A pop culture addict who loves to talk about movies, music, books, comics, and all of the other things that move and entertain us.
Made for television horror is always tricky, because you can't be as graphic on a network as you can in a movie or on cable or streaming. Even the "classics" of made for t.v. horror are a little cheesy if we're being honest. Go watch Trilogy of Terror and you'll see what I mean. It, broadcast in 1990, did push the limits of what you could do, but it was still obviously limited by being a network show. There is more blood than you'd expect, and adult themes are brushed up against. Beverly's father is shown to be a creepy and abusive guy, but is not shown as explicitly to be a sexual predator as in the new movies.
Of course effects are always an issue for made for t.v. movies because they don't the budgets that something like The Thing had to make it's shape shifting creature come to life. Another hurdle is that dialog that seems fine in a book sometimes comes off as forced or crony when you hear an actual person saying it. Despite all this, IT is still a fun movie. The cast is good, but not stellar. Remember this was before it was cool for big names to do television. So the adult cast included John Ritter (Jack from Three's company), Harry Anderson (Judge Harry from Night Court), and Richard Thomas (John-Boy from The Waltons). Most are serviceable if not great, and since Battle of the Network Stars was no longer happening I'm sure they all needed the work. I did find myself wondering if John Ritter hadn't wanted to be in the movie because his performance seems off at times. Turns out he was a big Stephen King fan and was excited to be doing the movie, so now I wonder if maybe he was actually trying too hard.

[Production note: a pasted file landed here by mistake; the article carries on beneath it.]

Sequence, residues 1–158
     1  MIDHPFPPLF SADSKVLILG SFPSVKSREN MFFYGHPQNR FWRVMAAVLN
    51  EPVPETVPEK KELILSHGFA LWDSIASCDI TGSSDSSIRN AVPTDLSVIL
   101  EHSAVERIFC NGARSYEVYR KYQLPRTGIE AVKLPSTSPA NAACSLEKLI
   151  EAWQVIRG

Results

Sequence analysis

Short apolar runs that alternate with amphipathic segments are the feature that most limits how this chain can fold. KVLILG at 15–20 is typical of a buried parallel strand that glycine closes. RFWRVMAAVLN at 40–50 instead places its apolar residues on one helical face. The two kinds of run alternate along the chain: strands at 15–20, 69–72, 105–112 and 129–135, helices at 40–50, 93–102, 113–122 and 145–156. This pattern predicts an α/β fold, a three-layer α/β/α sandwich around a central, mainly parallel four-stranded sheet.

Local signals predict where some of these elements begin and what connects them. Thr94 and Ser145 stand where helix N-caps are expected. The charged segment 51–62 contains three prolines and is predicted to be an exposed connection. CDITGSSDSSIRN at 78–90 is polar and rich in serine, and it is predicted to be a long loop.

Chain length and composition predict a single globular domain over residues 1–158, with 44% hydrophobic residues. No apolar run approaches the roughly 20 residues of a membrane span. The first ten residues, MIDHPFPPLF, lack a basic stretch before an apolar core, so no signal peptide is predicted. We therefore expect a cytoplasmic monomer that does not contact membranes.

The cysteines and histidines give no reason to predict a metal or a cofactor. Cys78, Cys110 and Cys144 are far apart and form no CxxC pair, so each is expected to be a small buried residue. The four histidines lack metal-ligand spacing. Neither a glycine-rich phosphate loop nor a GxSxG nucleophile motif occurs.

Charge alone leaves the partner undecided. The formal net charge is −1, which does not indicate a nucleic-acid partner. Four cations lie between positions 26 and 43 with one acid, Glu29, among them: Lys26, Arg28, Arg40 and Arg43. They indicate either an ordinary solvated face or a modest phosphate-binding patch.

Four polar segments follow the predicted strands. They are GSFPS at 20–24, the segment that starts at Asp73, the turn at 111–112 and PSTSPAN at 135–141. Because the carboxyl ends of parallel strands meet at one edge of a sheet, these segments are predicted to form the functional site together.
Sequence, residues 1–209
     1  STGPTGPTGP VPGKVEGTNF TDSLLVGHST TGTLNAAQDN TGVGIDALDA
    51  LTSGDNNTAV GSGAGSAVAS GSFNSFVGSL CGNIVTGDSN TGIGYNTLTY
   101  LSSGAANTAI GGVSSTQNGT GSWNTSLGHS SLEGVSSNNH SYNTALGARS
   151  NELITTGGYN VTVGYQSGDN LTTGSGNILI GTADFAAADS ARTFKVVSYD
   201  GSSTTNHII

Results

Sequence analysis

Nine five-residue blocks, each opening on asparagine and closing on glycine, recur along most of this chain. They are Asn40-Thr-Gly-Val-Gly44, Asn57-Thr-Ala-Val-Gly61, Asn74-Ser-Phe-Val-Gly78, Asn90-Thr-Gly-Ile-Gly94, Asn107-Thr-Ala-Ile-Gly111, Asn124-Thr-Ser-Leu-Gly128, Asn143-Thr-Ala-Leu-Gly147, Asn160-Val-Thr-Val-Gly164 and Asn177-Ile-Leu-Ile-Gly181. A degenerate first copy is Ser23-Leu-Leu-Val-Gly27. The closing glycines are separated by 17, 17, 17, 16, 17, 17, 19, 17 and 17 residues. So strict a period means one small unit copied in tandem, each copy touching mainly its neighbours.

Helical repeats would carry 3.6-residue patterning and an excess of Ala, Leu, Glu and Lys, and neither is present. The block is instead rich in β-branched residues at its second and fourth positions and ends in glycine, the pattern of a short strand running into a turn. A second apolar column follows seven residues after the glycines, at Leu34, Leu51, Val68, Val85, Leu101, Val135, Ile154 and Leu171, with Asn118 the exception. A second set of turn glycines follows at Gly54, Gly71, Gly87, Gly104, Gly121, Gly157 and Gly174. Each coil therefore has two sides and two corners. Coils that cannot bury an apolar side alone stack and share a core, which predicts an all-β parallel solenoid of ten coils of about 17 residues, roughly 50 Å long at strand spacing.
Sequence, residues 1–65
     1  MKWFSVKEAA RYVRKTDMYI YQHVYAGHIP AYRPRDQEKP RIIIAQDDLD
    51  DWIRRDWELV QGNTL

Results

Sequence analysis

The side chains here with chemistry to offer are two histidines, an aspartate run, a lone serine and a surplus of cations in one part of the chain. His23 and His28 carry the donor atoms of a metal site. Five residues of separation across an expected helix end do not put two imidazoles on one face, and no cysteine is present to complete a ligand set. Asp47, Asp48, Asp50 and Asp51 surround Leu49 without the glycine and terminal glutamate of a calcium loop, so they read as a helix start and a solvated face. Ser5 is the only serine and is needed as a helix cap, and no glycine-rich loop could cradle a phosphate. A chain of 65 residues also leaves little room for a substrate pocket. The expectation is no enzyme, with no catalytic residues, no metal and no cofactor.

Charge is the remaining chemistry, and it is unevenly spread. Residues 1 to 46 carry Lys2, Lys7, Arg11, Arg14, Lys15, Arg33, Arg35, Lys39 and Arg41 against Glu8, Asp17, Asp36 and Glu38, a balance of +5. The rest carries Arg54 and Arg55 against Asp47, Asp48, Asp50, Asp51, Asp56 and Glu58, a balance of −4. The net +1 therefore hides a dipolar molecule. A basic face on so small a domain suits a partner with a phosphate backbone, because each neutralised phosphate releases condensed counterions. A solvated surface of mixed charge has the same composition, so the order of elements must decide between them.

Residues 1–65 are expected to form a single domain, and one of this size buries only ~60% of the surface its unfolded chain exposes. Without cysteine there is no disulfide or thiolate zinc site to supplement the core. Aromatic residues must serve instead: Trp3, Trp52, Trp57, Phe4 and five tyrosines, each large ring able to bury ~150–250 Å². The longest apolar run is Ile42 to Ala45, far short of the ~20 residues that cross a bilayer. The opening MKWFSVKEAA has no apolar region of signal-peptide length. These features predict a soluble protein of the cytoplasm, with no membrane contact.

Of course the giant coup in casting was Tim Curry as Pennywise, which s what will make this miniseries remain in the public consciousness as a classic. Curry is a master at playing over the top characters, and his Pennywise is truly frightening even with the budget and censorship limitations imposed on him. The child cast is also good, and includes an early role for Seth Green. Of course, the children's part of the story is just more compelling. I found the same to be true with both the book and the new movies. Maybe it's just that it's somehow more intense when its a kid in danger than a middle aged man. Maybe it's the nostalgia of going back 30 years for the kids. I don't know, but IT is always better when the Losers are young in every incarnation.
One acknowledged weakness of the mini-series is the ending. They just didn't have the budget to do it the way they wanted. And the spider puppet does look a little cheesy. This is one instance where they may have benefited by deviating from the source material and have the losers fight IT in it's Pennywise form. I think it could only have been made better with more Tim Curry. I will say in it's defense that the ending of the new movie is also cheesy, and budget wasn't n issue there. This version of IT is a fun movie, and is a good stepping up for kids who are old enough to move beyond the Universal monster movies but aren't quite ready for the full on horror of the new IT movies.
© 2022 Gracchus Gruad